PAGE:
R. Ferris Kirkham, the college president, said, “The best information available indicates that 80 percent or more of all jobs in the future will require less than four years of college. Most of these jobs will be in the vocational-technical area and will require vocational-technical education, according to the United States Department of Labor. We are a job-oriented institution. Our entire philosophy is helping people build their lives in such a way that they can find themselves in a worthwhile occupation.”

The college is small, with a daytime enrollment of about 600 students. As a result, it lacks some of the advantages of larger schools. There are no gym facilities, no student union, no cafeteria, no football team, no spacious quads for autumn leaves to cover. If you’re going to school for any of these things, this isn’t the school for you.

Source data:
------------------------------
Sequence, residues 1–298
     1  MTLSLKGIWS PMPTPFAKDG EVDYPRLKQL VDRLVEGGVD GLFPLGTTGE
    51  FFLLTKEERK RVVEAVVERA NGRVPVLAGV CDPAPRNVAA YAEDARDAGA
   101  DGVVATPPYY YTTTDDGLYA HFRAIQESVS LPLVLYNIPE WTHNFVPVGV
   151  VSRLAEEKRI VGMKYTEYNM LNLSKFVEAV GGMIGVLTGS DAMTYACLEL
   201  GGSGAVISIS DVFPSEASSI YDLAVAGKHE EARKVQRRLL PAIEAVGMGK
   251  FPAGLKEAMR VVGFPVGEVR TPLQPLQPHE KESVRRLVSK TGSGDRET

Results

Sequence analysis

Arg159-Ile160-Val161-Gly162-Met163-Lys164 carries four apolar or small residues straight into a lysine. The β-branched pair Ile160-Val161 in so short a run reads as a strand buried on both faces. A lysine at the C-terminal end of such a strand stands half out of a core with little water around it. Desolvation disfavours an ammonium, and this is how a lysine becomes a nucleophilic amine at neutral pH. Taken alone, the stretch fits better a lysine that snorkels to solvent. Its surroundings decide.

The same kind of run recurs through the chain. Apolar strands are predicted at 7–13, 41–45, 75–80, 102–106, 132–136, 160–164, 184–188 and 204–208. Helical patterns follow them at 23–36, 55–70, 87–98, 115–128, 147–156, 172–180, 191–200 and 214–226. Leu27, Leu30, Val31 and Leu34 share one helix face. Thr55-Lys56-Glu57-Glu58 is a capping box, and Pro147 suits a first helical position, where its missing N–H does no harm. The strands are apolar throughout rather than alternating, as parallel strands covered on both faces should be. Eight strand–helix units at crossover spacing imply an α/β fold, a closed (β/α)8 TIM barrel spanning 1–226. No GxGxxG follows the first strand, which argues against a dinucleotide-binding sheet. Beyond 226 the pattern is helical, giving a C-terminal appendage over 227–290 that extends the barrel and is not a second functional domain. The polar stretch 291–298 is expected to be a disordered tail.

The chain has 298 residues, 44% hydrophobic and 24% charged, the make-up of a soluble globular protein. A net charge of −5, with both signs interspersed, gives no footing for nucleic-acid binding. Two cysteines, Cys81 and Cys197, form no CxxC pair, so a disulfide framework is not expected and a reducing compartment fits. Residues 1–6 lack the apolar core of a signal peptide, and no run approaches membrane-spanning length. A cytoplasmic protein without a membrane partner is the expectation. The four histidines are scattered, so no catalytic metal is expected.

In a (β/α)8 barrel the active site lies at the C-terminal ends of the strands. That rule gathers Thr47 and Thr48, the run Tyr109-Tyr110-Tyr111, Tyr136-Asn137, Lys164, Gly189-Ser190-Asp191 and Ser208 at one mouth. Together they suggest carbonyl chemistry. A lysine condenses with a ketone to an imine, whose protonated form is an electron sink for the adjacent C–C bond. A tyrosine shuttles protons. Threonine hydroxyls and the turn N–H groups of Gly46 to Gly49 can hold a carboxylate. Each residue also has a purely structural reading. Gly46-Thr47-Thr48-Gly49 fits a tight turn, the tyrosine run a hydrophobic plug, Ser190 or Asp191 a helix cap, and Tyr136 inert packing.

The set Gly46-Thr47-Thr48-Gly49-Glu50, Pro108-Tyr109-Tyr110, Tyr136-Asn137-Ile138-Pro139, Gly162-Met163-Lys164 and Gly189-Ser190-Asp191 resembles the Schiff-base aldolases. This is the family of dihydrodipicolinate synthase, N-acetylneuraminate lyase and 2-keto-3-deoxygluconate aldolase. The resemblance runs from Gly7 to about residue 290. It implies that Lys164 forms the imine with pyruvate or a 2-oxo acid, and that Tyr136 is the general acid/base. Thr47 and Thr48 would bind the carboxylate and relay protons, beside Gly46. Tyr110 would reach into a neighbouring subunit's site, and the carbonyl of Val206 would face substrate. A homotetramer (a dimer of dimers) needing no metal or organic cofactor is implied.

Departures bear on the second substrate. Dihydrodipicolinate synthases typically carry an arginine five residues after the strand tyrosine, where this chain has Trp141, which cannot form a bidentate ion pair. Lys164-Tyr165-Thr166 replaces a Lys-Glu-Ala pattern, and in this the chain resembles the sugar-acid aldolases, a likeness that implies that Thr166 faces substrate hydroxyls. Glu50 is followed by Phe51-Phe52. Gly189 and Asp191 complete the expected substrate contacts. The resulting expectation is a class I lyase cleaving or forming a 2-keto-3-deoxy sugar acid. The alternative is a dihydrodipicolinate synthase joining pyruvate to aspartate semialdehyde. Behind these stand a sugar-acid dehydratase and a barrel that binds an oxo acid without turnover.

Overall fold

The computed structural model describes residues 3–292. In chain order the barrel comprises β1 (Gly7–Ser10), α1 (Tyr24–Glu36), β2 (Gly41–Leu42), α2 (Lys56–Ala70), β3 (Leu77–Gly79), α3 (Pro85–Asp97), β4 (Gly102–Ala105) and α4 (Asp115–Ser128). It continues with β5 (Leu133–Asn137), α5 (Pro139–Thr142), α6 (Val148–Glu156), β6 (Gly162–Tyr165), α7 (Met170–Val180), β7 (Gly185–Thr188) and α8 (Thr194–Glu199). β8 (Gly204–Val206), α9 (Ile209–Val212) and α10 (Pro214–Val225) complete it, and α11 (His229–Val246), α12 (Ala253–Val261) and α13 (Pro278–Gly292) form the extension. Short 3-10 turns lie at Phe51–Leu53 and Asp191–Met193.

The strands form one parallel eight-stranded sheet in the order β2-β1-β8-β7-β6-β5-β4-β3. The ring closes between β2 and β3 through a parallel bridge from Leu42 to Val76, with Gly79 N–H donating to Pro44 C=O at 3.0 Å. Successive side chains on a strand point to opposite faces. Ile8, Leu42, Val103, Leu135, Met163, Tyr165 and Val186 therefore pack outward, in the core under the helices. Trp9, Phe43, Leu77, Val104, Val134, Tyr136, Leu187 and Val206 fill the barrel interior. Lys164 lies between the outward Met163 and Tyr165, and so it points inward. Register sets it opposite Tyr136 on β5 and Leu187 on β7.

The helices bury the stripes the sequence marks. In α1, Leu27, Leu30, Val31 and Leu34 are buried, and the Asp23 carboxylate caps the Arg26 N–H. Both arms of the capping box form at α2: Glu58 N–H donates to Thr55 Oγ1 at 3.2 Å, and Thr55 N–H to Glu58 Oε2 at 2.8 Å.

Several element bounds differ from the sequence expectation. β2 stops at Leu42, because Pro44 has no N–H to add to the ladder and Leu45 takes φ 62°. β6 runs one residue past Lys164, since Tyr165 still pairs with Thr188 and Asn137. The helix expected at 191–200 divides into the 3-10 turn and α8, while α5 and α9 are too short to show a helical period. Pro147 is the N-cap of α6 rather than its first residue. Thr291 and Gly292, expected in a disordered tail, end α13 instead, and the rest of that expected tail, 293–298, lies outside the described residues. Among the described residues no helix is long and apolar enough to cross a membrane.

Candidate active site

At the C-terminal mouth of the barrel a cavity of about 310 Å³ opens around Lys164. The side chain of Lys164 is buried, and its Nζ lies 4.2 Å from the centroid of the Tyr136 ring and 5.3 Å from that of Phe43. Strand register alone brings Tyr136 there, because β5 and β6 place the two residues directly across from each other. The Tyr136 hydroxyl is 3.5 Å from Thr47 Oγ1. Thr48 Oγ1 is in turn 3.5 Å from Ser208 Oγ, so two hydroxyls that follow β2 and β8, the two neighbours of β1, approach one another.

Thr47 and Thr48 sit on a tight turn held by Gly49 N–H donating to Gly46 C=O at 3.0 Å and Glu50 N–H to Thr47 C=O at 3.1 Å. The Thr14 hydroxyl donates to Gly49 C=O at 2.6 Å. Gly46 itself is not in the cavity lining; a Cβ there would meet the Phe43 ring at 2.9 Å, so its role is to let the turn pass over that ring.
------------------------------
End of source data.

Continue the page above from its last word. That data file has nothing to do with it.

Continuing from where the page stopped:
On the other hand, the smallness makes possible a closeness of studentbody and faculty that’s impossible at larger schools. As you walk down the halls you notice that people actually speak to each other and that everyone seems to know a lot of first names. You notice that if a group is having a discussion, it’s usually a discussion that anyone’s welcome to join.

One thing you see often that really makes you stop and look again is a teacher talking to a student just as if it were an everyday occurrence. It is.